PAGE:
Shake Keane

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Ellsworth McGranahan "Shake" Keane (born May 30, 1927 in Kingstown , St Vincent , † November 11, 1997 in Oslo ) was a Vincentian jazz musician ( trumpet , flugelhorn ), poet and minister of St. Vincent and the Grenadines .

Live and act

Keane attended the Methodist School and St Vincent Grammar School in Kingstown and was early involved with literature and theater in school plays, such as adaptations of Shakespeare . His nickname 'Shake' was soon derived from this. He then published two volumes of poetry in St. Vincent, L'Oubili (1950) and Ixion (1952).

In 1952, Keane moved to Great Britain , where he first found employment with BBC Radio on the Caribbean Voices program . He read poetry and interviewed fellow writers and musicians; he also studied literature. During this time he also began to play as a trumpeter in London nightclubs; he played the different styles of cabaret music , highlife , soca , mento , calypso and jazz . From 1959 he turned completely to modern jazz and became a member of the alto saxophonist Joe Harriott's band for six years . Whose group was the first to play an independent free jazz in Europe; Keane was also involved in Harriott's epoch-making album Free Form (1960). Meanwhile, Keane also worked frequently with jazz pianist Michael Garrick , including on jazz-and-poetry projects. He also recorded a few albums under his own name, but stylistically, in contrast to his work with Harriott and Garrick, they were more related to light jazz.

In 1965 Keane left Great Britain and moved to Germany, where he became a soloist in Kurt Edelhagen's big band and remained a member of the orchestra until 1971. He also played with Charly Antolini ( Soul Beat ), in the Kenny Clarke / Francy Boland Big Band ( Sax No End , 1967) and with Peter Trunk ( Sincerely PT , 1972).

After he had left the Edelhagen band at the end of 1971, he temporarily interrupted his music career and returned to St. Vincent in 1972 to take a government post in his home country; until 1972 he was the administrative director for culture. After that he worked mainly as a teacher and continued his writing activity. His main work, the poetry collection One a Week with Water (1979) won the Cuban poetry prize Casa de las Américas .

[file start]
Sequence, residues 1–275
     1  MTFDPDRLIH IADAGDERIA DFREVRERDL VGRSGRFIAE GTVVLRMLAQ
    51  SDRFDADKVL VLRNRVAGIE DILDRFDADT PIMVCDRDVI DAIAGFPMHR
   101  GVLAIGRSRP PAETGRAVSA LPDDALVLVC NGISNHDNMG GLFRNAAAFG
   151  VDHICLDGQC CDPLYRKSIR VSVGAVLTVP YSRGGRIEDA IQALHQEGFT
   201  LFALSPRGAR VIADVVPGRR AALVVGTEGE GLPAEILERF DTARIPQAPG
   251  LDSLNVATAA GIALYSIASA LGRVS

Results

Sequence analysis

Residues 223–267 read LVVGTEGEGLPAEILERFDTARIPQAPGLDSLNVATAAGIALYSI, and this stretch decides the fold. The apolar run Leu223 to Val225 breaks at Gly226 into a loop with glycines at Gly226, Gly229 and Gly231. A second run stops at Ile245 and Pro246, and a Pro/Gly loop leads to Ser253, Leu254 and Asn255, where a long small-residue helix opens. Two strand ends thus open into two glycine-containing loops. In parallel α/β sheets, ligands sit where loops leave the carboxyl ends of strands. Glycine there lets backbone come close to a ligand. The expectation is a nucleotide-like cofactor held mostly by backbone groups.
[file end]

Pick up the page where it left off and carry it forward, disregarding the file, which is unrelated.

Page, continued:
In the early 1980s, Keane moved to New York and lived in Brooklyn's Bedford-Stuyvesant neighborhood. In 1989 he continued his musical career and worked again with Michael Garrick as well as for a tour in honor of Joe Harriott with old bandmates from the Harriott band, such as Coleridge Goode and Bobby Orr. In 1991 he made an appearance in the BBC documentary about the Jamaican poet Linton Kwesi Johnson .

During the 1990s he lived mostly in Brooklyn, but then found a second home in Norway , where he appeared frequently, including in various music programs on Norwegian television. He fell ill while on tour and died of stomach cancer at the age of seventy in Oslo.

In 2003, Shake Keane was honored in his home country with a life-size bust located in the Peace Memorial Hall in Kingstown.

Discographic notes

  • In My Condition (Columbia, 1961)
  • Bossa Negra (Columbia, 1962)
  • That's The Noise (Decca, 1965)
  • With The Keating Sound (Decca, 1966)
  • The Big Fat Horn Of Shake Keane (Decca, 1966)
  • Dig It (Phase 4, 1968)
  • Rising Stars At Evening Time (Economy, 1971)


  • L'Oubili (1950)
  • Ixion (1952)
  • One a Week with Water (1979)
  • The Volcano Suite (1979)
  • Palm and Octopus (1994)


  • Alan Robertson: Joe Harriott: Fire in his Soul . Northway Publications, 2003. ISBN 0-9537040-3-3 .
  • Coleridge Goode and Roder Cotterrell: Bass Lines: A Life in Jazz . Northway Publications, 2002. ISBN 0-9537040-2-5 .
  • Ekkehard Jost: Europe's Jazz 1960-1980. Frankfurt a. M., Fischer Taschenbuch Verlag, 1987.

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